The extra-financial performance of RI is a subject that is rarely decrypted. It attempts to find out whether there are indicators that help measuring SRI funds relative to their social and environmental impact.
In January 2013, Novethic published a study about ESG performance indicators.
Disclosure of environmental, social and governance data is an unfamiliar practice in the financial industry: in contrast to the widely standardized financial data (alpha, beta, sharpe ratio, etc.), only a few investors integrate ESG data into their reporting practices. However, several incidents in the last years have shown that this extra-financial data enables investors to have a better idea of the riskiness of their investments. These disclosures deal with environmental policy, social and employee issues, human rights, anti-corruption and diversity in the board of directors.
Due to a lack of standardized corporate ESG reporting, investors are struggling with the materiality of this ESG reporting and how they should read the data. In the last years, several initiatives were created that aim to integrate ESG data in corporate reporting. The Global Reporting initiative (GRI) sets up a framework of extra-financial information which companies should report in their financial statements. More recently, the Sustainability Accounting Standards Board (SASB) focuses on developing and disseminating sustainability accounting standards that help public corporations disclose material and useful information to investors. The European Union is also pushing for this this development with a new law. Large public-interest entities (listed companies, banks, insurance undertakings and other companies that are so designated by Member States) with more than 500 employees should disclose in their management report relevant and useful information on their ESG policies, main risks and outcomes.
Recently, the Securities and Exchange Commission (SEC) has issued a request for comment on modernizing certain business and financial disclosure requirements ). Many investors use this request to push for better standardized ESG reporting disclosure practices. Eventually, each year a so called Corporate Knight’s report shows the ranking of 45 stock exchanges based on sustainability disclosure. The rankings are based on the disclosure of seven sustainability indicators (GHG emission, injurity rate, water, personnel payroll, energy, waste, employee turnover) by issuers listed on the exchange.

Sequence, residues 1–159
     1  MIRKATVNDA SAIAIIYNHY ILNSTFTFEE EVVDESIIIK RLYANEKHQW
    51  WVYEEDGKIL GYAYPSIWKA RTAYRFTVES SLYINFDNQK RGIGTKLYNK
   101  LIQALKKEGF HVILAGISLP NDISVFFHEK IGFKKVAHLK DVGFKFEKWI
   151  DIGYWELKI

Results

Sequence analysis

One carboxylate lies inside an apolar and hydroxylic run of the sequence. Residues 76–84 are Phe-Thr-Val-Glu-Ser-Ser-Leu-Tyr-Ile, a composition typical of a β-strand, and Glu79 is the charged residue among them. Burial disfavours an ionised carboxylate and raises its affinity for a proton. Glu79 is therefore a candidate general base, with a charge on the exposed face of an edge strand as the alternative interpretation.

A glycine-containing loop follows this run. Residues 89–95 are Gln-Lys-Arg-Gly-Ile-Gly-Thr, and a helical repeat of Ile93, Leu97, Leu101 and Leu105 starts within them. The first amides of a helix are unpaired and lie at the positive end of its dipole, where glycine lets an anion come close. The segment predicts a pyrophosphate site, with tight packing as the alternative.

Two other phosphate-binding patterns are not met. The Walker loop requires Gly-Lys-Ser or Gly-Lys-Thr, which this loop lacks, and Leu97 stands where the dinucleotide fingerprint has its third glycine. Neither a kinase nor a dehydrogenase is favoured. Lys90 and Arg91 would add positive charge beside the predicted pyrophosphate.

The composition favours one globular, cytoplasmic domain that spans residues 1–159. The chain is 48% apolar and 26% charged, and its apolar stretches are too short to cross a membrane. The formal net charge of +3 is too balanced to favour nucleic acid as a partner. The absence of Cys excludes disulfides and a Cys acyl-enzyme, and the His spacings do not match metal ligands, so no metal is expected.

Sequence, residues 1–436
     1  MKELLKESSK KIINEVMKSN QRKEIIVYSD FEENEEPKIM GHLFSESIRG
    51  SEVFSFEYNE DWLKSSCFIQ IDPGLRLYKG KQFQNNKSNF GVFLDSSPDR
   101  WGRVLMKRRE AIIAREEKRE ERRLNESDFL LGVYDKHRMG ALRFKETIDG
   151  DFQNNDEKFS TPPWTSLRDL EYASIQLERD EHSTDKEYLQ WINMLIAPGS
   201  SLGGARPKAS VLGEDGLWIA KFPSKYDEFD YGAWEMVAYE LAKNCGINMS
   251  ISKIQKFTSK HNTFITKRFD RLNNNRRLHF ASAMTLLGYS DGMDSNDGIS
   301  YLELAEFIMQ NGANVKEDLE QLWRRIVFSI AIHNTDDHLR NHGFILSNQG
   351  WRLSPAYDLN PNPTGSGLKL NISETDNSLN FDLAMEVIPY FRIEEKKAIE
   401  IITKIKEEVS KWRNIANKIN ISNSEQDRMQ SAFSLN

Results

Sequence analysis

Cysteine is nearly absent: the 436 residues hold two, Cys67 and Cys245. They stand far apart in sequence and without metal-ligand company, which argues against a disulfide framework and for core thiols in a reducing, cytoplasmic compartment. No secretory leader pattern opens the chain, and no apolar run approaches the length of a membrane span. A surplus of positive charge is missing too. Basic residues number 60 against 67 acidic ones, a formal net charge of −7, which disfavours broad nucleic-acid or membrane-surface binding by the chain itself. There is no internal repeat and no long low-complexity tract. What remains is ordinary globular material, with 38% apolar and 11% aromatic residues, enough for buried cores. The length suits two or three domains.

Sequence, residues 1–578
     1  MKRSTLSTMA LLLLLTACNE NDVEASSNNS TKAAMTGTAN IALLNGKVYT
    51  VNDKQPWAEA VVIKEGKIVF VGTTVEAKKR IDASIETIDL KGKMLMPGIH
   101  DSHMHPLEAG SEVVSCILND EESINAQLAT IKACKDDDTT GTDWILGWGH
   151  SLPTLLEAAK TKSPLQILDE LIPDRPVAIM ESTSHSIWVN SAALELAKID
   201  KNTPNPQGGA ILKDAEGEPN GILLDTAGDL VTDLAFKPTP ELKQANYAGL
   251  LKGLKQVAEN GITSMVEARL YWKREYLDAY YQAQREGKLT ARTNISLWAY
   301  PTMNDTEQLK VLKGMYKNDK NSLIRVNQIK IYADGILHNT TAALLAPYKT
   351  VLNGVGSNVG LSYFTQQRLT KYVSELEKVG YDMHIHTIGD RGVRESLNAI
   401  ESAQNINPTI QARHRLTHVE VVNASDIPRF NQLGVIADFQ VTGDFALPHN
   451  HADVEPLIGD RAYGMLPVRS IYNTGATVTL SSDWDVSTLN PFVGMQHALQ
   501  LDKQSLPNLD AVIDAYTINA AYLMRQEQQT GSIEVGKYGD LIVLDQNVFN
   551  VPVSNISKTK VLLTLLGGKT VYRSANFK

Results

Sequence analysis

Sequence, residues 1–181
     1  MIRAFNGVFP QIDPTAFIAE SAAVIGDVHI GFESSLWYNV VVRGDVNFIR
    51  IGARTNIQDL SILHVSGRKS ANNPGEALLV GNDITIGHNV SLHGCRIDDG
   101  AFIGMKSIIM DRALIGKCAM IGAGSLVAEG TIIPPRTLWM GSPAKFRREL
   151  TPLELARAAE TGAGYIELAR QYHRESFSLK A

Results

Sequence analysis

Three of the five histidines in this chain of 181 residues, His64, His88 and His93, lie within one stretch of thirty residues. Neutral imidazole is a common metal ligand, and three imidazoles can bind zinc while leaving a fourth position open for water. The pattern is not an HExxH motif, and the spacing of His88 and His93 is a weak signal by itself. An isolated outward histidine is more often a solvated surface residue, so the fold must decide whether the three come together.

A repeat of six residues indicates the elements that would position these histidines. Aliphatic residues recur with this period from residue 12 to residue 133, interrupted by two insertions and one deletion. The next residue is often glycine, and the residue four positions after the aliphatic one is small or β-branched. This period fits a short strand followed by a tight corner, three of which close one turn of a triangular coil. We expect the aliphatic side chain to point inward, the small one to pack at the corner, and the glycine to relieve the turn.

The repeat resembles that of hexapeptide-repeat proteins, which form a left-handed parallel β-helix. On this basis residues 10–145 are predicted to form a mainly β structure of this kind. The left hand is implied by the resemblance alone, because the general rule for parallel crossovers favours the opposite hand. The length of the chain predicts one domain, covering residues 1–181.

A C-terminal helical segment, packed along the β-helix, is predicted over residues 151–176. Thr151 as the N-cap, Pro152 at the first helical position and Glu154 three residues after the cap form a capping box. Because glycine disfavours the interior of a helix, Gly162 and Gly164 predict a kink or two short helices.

Investors are aggregating the individual ESG score of their holdings to an overall ESG score. A higher score indicates that the fund has a strong ESG performance. This information is often compared to a reference figure (benchmark or historic fund data).
Investors are choosing one or several key non-financial figures that have a major impact on the performance of the fund. These non-financial figures could be related to social issues, such as the jobs created in all holdings, or they could be related to governance, such as the independence of Board of Directors and Supervisory Board. This data is used either to strengthen the risk-return profile of the portfolio or to increase the sustainable impact of the portfolio.
One specific Key Performance Indicator gained high attention by investors: the carbon footprint of portfolios.
Investors are pledging to initiatives (Montreal Carbon Pledge, state the othersPortfolio Decarbonization Coalition, Paris Pledge, Divest-Invest, IIGCC, INCR, IGCC) in which they commit to disclose the carbon intensity (Carbon footprint, see also our section Finance and Climate) of their portfolios. The reporting forms are heterogeneous as investors are struggling with methodological challenges (scope of emissions). In cooperation with the PRI, Novethic has conducted a study about the implementation of the Montreal Carbon Pledge by the Signatories.
Additionally, policymakers are introducing regulatory frameworks which push investors to disclose this data. In this field, France is a leader and innovator with its Article 173 of the new law on Energy Transition and Green Growth.
In France, the disclosure of extra-financial data has reached a new level. The article 173 of the new law on Energy Transition and Green Growth asks asset owners, for the first time, to comply with specific non-financial reporting requirement depending on their asset size. All asset owners, in total some 800 institutions, are obliged to disclose ESG information. Furthermore, asset managers with a balance sheet greater than €500m, in total 60 institutions, have to report as well about climate-change related risks and their contribution to the financing of the green economy. The first reporting has to be done for the full year 2015.